[The following is from the larger video “A History of Eastern Orthodox Missions Part II” and can be found here]
In the 1680s, a small group of Cossacks residing in Siberia settled along the Amur River and named their settlement “Albazin” When the Chinese invaded the area, they captured several hundred of the Albazinians along with their priest and settled them all in Beijing where they repurposed an existing building making it into the Church of St. Sophia. In addition, and as part of their settlement, the men were given wives from a group of Chinese women whose husbands had been executed for criminal activity. These wives were baptized but it appears they never stopped practicing their paganism. Under Czar Peter the Great, a token move was made when he sent a group of four monastics to Beijing to study Chinese language and culture but nothing much came of it. Then, in 1713, an archimandrite was sent to Beijing but he was primarily concerned with the care of the Russian mercantile class residing there.
A new approach was attempted in 1721 when St. Innocent Kulchitsky was consecrated a bishop for Beijing. A graduate of the Kiyevan Theological Academy, he was ordained and tonsured a hieromonk at the Alexander Nevksy Lavra where his skills were brought to the attention of Emperor Peter the Great who chose him for the mission to China. Despite the general hatred for Peter the Great, Catherine the Great, and Ivan the Terrible, to their credit, they funded a tremendous amount of Orthodox missionary work. It can be argued they did so only to further Russian imperial ambitions and in various cases, that seems very much to be the case but that is essentially the same reason Catholic powers, especially Spain, were sending missionaries out. Further, however correct that assessment of the Russian rulers’ motives might be, the missionaries they sent certainly were not going for the glory of a government but instead gave up everything and risked their lives for the glory of the Kingdom of God.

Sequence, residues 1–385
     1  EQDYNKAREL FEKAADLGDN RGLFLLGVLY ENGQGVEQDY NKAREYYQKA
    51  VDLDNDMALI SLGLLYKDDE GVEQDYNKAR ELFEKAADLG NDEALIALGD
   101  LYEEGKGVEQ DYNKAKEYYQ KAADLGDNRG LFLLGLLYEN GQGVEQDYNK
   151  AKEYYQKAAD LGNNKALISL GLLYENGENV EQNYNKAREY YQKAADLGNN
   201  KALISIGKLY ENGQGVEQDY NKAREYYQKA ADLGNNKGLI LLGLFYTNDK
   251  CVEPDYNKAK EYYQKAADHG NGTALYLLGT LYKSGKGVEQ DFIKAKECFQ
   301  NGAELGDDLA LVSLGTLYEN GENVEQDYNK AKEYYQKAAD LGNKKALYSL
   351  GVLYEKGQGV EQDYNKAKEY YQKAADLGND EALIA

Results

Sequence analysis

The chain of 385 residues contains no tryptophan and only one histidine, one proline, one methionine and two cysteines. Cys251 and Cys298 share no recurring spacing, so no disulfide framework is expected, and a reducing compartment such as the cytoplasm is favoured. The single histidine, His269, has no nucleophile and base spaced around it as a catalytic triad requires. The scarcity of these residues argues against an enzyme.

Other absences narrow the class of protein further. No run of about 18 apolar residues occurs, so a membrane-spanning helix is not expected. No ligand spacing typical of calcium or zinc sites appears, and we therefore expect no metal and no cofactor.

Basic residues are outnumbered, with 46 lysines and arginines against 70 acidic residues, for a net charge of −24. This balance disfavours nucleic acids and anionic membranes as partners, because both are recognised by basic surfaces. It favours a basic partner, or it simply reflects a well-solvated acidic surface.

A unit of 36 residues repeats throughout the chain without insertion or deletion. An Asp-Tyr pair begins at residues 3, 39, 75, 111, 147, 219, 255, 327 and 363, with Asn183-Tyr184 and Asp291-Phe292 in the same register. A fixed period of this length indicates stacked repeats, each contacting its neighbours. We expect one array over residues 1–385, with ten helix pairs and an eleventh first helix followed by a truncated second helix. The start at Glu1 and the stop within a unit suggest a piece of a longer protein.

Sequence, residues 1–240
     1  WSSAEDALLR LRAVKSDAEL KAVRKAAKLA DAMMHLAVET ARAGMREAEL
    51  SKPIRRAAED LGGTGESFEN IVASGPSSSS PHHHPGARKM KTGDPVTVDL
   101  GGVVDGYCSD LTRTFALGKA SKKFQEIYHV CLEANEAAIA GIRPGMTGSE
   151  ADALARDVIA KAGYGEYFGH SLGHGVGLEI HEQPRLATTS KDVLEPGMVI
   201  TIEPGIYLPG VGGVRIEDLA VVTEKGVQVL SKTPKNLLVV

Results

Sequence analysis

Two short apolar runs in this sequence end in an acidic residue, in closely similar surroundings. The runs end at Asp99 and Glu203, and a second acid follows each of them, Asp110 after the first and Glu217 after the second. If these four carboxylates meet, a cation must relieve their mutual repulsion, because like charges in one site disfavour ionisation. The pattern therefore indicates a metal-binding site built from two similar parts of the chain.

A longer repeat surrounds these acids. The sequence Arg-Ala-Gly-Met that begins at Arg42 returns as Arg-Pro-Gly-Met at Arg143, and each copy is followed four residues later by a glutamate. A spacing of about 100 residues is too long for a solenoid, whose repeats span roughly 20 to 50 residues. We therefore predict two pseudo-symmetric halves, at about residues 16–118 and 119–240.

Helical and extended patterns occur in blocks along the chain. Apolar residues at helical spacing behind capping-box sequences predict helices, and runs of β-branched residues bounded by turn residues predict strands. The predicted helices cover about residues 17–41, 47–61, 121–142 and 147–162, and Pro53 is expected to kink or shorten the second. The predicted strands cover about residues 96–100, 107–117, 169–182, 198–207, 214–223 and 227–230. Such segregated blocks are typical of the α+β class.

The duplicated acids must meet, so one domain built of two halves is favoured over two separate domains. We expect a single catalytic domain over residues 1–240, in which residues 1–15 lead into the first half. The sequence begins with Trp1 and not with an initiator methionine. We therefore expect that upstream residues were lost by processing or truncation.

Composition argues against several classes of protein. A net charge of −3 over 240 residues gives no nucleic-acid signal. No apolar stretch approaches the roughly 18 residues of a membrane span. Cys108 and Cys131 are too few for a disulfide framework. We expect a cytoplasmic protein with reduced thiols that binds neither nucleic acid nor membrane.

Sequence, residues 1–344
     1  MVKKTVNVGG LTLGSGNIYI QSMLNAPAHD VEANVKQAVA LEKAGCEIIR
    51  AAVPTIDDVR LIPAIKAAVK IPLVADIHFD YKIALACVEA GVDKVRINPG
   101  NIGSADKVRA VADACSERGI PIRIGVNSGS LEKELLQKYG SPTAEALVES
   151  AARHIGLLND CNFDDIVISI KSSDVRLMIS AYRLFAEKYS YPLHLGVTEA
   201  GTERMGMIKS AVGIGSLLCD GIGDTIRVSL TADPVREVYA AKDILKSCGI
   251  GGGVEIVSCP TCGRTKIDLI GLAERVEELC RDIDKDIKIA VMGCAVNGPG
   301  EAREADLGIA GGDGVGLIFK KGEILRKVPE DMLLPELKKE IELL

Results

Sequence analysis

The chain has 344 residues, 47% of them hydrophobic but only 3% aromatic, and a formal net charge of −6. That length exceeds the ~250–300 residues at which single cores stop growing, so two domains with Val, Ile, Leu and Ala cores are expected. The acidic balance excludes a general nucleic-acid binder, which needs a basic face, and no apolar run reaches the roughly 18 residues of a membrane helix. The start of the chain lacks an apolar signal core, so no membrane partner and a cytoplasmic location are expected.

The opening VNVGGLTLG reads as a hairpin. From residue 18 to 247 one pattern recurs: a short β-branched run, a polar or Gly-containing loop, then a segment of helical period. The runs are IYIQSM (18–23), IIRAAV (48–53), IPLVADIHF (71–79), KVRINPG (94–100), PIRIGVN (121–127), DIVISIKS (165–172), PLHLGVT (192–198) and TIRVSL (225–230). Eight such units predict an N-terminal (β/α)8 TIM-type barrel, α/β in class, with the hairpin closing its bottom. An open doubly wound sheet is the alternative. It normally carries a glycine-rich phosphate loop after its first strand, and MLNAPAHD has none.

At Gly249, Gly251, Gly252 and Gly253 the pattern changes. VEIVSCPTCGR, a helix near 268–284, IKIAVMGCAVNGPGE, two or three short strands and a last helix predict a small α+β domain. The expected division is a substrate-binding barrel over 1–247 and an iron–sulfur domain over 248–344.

St. Innocent Kulchitsky was consecrated to the episcopacy in 1721 and assigned to the mission in Beijing but was held in Irkutsk on the Russian side of the current border with Mongolia as he was unable to enter China due to intrigue by Jesuits missionaries at the Chinese court who had managed to convince the Chinese government to ban his entrance. Therefore, the saint resided at the Ascension Monastery in Irkutsk until 1727 when he was installed as bishop of Irkutsk and Nerchinsk. He established a school for missionaries at the monastery where Chinese and Mongolian were taught to the students and by the time of his repose in 1731, he had increased the number of churches from 42 to 73 and the number of monasteries from four to seven. His main feast day is celebrated on November 26th.